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Do You Need A Life Insurance Trust?


“I trust my wife completely,” he said to me. “It’s the guy after me I’m worried about.”

“I’ve decided to buy a pretty large life insurance policy on myself so that if something happens to me my wife can keep raising the kids,” he explained his reasoning to me…


“She would have to forgo much of her career to raise our kids alone, so it wouldn’t be fair for her to have to go back to work later in life just because I died early.”

“So, I’m good with all that,” he said, “but I am not interested in some dude coming along after me and sweet-talking my wife out of the money I leave for my her and my kids.”

“How do I keep that from happening?”

When someone takes out a life insurance policy on themselves, they must name a beneficiary. That is the person (or entity) that would receive the life insurance proceeds in the event of your death during the time the policy is in force.

So, imagine you took out a $1,000,000 life insurance policy on yourself. Suppose the day after you pick up the policy and pay for it (thereby putting the policy “in force”), you die in a tragic accident.

Soon after, your beneficiary (now your widow or widower) contacts the life insurance company, notifying them of your demise. What do you want to happen?

They could send her (or him) a check for $1,000,000. She would then have a lot of decisions to make. Does she pay off the home mortgage? Put the money in the bank? Take a vacation?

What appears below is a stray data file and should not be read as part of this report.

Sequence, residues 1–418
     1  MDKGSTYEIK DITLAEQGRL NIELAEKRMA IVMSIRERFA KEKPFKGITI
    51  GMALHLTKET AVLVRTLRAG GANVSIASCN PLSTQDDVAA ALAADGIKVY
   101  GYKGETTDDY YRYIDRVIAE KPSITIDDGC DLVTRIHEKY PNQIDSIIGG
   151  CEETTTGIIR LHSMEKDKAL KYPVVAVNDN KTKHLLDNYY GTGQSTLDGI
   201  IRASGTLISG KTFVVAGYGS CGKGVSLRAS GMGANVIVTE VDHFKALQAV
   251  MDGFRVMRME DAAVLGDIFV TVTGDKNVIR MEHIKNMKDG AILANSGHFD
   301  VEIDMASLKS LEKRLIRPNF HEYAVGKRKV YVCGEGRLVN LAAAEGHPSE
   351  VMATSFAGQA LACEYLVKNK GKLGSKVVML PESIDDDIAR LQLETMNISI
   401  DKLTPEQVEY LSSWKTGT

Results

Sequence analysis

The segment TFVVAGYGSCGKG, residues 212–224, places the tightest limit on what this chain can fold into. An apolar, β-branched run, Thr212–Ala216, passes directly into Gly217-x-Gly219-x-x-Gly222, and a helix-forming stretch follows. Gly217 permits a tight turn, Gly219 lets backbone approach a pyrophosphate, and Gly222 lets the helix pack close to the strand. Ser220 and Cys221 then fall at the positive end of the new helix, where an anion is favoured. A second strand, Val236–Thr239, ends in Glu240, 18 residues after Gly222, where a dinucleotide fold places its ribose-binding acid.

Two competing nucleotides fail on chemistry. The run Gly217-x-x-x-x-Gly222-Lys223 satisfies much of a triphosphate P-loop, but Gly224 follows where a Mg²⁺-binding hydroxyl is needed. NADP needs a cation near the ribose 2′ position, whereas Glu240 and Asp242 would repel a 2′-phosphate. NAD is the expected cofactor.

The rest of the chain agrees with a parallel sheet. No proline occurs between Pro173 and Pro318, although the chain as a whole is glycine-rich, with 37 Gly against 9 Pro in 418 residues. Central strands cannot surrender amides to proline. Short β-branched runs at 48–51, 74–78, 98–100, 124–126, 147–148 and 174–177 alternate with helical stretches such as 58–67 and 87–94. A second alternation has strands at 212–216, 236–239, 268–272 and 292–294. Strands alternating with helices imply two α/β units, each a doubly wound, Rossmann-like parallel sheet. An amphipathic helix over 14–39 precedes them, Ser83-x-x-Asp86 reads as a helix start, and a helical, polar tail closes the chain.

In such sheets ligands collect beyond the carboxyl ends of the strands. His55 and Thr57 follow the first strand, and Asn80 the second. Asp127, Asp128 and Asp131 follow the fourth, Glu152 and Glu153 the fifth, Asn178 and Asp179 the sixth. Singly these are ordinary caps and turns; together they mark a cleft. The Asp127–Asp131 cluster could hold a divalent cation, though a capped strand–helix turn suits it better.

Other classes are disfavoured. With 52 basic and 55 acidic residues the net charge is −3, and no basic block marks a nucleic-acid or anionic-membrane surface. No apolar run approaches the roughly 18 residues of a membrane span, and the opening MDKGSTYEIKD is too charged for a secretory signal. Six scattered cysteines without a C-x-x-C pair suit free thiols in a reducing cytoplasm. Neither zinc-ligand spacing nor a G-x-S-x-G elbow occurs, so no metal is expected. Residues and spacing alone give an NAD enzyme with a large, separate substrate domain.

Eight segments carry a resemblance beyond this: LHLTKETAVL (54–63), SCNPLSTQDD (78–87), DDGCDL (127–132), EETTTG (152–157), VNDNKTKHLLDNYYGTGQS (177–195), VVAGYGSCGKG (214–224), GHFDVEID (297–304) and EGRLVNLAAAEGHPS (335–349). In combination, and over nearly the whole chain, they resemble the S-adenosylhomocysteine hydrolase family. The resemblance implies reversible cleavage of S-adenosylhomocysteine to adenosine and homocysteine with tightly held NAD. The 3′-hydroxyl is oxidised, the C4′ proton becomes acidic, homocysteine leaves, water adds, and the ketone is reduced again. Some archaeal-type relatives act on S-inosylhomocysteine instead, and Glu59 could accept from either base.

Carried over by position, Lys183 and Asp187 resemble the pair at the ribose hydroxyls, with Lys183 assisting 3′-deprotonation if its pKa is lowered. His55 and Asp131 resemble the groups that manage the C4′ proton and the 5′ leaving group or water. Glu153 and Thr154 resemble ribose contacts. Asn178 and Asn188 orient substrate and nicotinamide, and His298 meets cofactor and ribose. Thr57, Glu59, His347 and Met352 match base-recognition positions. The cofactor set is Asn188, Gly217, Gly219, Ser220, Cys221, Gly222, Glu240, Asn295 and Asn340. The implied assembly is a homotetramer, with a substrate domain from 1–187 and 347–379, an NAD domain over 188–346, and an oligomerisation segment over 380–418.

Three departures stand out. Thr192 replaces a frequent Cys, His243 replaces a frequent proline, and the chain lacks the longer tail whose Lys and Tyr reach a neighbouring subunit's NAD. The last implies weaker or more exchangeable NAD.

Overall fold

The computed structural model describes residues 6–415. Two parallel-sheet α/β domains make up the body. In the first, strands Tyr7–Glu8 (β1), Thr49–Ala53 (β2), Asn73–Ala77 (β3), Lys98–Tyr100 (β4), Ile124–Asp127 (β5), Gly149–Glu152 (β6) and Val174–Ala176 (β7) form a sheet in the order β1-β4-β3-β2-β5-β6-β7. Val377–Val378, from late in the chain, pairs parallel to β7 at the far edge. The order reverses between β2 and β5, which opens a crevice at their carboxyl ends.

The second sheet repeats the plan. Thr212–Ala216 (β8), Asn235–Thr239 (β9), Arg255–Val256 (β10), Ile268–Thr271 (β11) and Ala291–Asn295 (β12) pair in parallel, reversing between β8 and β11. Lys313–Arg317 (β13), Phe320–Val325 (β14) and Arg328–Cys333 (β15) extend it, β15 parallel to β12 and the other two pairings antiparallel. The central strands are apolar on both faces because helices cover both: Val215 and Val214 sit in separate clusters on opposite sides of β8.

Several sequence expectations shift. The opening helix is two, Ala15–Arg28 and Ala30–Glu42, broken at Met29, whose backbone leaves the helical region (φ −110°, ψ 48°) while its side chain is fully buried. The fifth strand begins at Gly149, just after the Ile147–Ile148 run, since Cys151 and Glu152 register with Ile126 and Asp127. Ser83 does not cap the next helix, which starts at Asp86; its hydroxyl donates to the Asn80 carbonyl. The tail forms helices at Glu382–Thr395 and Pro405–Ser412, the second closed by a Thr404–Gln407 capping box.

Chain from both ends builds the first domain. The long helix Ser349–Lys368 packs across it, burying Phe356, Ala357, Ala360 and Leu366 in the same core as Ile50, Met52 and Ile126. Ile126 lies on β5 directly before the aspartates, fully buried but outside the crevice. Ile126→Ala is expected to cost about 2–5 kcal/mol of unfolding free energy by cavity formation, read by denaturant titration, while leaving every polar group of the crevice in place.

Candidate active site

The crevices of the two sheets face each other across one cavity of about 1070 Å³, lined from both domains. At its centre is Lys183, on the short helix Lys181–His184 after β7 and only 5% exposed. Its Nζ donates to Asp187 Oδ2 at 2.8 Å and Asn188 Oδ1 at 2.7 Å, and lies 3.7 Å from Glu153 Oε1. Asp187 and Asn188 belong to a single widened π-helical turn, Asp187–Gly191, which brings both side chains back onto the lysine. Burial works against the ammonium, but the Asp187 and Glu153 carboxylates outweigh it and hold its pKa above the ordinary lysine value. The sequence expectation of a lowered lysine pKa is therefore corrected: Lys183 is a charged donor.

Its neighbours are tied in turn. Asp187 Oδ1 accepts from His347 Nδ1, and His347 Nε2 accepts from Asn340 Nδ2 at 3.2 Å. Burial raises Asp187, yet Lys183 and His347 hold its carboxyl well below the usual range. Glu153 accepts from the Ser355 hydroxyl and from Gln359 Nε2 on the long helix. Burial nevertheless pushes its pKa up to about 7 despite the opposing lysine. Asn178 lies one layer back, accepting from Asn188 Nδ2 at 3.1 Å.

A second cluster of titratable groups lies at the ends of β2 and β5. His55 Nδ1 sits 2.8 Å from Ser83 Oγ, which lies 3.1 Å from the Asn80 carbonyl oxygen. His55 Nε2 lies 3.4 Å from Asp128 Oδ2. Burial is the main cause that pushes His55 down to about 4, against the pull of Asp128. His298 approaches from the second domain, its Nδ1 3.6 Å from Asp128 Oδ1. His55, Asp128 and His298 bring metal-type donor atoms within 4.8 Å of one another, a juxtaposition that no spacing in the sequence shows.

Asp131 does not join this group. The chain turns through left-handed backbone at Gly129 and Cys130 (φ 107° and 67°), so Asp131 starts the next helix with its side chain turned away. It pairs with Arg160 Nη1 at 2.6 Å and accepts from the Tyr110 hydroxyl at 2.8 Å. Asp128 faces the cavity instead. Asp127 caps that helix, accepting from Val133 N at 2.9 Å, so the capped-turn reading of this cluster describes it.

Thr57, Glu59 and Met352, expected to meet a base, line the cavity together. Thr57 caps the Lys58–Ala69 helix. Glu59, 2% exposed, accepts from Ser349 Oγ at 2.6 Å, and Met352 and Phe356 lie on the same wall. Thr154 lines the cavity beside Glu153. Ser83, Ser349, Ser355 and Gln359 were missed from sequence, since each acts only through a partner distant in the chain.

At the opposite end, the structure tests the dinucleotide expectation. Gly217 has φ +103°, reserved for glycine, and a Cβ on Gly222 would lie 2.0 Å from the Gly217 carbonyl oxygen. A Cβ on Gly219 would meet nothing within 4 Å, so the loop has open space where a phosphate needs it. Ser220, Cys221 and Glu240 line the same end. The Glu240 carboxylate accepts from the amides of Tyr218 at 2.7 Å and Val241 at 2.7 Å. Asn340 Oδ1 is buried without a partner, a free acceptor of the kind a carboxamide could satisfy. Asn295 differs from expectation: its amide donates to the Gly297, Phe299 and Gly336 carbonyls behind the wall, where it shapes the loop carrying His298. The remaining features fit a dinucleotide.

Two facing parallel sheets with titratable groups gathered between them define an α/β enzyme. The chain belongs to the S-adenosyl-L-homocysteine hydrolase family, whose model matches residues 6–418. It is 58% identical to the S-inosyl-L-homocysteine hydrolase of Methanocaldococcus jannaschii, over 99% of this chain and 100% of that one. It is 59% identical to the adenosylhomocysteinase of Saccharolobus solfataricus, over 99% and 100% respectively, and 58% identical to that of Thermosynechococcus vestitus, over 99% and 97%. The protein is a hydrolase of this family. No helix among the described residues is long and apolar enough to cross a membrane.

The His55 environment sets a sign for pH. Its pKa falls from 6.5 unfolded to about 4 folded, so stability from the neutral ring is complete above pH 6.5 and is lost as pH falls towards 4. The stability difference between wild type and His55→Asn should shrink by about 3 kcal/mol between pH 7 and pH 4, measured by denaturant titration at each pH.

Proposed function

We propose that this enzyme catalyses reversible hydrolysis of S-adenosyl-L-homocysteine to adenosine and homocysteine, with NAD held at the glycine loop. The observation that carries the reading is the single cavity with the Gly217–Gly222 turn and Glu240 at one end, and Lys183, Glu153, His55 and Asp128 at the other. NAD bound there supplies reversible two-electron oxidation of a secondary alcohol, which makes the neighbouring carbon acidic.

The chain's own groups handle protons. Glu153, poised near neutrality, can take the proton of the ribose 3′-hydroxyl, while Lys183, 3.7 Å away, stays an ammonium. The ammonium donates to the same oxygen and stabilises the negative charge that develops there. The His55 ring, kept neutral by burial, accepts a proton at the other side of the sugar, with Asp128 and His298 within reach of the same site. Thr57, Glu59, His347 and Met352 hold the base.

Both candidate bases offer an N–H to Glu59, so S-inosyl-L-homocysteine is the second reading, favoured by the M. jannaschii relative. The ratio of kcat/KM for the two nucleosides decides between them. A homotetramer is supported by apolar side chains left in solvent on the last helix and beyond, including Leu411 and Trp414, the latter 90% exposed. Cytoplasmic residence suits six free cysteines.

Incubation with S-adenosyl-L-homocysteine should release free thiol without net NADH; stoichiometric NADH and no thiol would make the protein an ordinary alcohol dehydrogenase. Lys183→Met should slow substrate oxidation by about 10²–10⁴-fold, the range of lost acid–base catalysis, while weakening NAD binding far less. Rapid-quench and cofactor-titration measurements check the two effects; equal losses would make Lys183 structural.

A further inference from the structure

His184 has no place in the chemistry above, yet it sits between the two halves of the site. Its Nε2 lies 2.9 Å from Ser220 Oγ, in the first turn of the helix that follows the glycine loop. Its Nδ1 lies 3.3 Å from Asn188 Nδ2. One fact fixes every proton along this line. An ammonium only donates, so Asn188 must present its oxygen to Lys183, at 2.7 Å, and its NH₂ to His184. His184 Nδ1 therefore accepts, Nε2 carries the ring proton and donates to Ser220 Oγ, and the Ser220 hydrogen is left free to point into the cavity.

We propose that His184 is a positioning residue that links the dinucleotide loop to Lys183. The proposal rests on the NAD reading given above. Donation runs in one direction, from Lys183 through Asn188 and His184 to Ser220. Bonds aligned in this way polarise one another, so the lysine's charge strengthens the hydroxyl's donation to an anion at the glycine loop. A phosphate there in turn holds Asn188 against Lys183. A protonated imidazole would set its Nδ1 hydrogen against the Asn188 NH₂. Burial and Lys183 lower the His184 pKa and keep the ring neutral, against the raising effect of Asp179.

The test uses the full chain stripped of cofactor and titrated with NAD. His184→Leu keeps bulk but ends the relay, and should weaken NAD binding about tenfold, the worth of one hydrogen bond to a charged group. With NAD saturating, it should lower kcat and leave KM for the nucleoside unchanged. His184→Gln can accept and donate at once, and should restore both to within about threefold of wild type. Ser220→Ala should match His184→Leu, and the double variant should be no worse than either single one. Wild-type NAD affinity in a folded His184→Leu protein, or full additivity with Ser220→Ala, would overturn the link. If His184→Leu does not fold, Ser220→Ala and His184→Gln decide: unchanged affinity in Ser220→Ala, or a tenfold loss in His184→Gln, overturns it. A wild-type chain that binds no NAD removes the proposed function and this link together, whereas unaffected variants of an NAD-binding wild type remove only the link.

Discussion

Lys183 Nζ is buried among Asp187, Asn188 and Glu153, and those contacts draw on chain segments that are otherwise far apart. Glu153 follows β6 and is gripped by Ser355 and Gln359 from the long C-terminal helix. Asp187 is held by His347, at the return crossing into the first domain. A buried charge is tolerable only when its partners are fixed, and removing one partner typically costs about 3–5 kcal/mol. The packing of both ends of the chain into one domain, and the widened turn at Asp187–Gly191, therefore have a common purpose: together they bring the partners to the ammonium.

If that doesn’t sound like a situation that would end well, don’t worry. Delivering a lump sum payment to your grieving spouse is not your only option.

When you buy a life insurance policy, you can designate any one of several options of what to do with the money in the event of your death, the lump sum payout being just one option.

The others include paying your beneficiary interest only (yipes, that would be pretty low these days).

Or, you could pay out the benefits over a specific number of years. For example, you could pay out $100,000 per year for ten years.

Another option for you to consider is a life insurance trust. This trust could actually be written into your will, so it would not even come into existence unless you died. You would then name the trust as beneficiary of your life insurance policy. In the event of your death, assuming you die while the policy is in force, the death benefits would pay to the trust.

The whole idea of the trust would be for it to pay your surviving spouse a regular income (sufficient to live on), while keeping the principle intact. You can have the trust written in such a way as to protect those you love and keep those with less than virtuous motives from getting their hands on money meant for your family.

Talk to an experienced agent about the policy and to an attorney experienced in estate planning about the trust in your will.

Whatever you do…don’t leave it to chance.

Byron is a Certified Financial Planner and Managing Director of the Planning Group at Argent Advisors, Inc.
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